pumpkinscareDo you love horror? Do you fall in that group of people that wished Halloween wasn’t just one night a year? If you answered YES to both these questions, then ScareLA is the perfect convention for you! It celebrates the horror genre, but also the spirit of Halloween with frightening haunts and mazes. I managed to snag Press Passes for this event, and took The Inkblotters to the appropriately darkened convention for some spooky fun!

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The event took place during the weekend of August 25-26. As soon as you entered you were immersed into the scary realm of darkness with a zombie pandemic haunt, which was the only interactive fright zone where we were told that if touched by the zombies, then we were considered “infected.” Luckily, I managed to survive the zombie apocalypse, but the same fate didn’t befall my boyfriend and friend who were both brought into a separate room to be “executed.”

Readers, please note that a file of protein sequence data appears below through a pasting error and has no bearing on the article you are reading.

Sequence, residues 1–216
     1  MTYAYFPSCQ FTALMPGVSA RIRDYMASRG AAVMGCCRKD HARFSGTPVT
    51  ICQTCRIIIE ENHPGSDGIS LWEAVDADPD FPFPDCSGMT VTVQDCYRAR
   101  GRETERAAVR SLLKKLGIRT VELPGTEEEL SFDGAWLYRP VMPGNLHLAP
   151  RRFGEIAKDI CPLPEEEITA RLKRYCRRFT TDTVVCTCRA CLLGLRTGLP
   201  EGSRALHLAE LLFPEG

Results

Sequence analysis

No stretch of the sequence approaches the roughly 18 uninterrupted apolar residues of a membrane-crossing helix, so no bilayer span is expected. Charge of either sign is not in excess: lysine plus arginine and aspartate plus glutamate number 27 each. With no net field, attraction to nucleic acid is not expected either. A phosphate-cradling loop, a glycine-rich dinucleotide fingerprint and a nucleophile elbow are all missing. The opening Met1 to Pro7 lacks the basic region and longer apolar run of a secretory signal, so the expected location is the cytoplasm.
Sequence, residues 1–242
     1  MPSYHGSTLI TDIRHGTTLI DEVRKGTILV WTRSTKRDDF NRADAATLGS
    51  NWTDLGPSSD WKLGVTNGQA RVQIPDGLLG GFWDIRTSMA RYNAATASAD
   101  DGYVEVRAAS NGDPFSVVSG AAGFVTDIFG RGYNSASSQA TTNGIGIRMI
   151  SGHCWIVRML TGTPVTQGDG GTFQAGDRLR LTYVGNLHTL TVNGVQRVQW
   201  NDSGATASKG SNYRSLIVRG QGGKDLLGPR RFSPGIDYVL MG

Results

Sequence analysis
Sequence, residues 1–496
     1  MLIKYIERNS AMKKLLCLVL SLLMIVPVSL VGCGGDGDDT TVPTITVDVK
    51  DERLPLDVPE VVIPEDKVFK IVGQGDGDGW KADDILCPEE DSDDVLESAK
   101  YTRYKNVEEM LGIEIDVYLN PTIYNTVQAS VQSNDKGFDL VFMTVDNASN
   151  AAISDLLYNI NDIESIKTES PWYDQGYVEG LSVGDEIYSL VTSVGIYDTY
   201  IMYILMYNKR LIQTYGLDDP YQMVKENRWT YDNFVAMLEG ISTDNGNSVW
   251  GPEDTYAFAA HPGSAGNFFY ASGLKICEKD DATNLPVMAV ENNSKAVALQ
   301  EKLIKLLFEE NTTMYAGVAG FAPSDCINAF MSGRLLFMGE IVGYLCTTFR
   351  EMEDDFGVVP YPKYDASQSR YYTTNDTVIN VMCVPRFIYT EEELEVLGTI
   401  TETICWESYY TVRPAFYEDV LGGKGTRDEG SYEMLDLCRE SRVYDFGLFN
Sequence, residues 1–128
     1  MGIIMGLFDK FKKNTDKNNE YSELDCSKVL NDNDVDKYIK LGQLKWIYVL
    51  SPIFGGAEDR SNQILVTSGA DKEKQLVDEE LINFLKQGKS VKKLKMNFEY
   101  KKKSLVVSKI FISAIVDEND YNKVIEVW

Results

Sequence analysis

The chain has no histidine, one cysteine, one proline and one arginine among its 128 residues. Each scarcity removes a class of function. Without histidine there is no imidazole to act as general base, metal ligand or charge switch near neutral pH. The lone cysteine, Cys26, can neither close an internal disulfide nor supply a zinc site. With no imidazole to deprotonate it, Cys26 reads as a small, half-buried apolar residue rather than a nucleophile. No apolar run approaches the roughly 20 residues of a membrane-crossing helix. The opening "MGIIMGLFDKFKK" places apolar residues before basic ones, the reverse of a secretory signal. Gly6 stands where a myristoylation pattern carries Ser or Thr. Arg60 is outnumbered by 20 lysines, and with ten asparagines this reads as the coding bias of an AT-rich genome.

The next haunt we checked out was an asylum dubbed Nightmare Clinic, which wasn’t too creepy unless you fear clowns and tiny spaces (I wouldn’t recommend the maze portion of the haunt for those that suffer from claustrophobia as all your red flags will be flashing wild). The last haunt we checked out was a medieval one called Descension Castle, that had a banshee on the loose. I appreciated the amount of detailed work that was put to create a castle in the middle of the convention floor.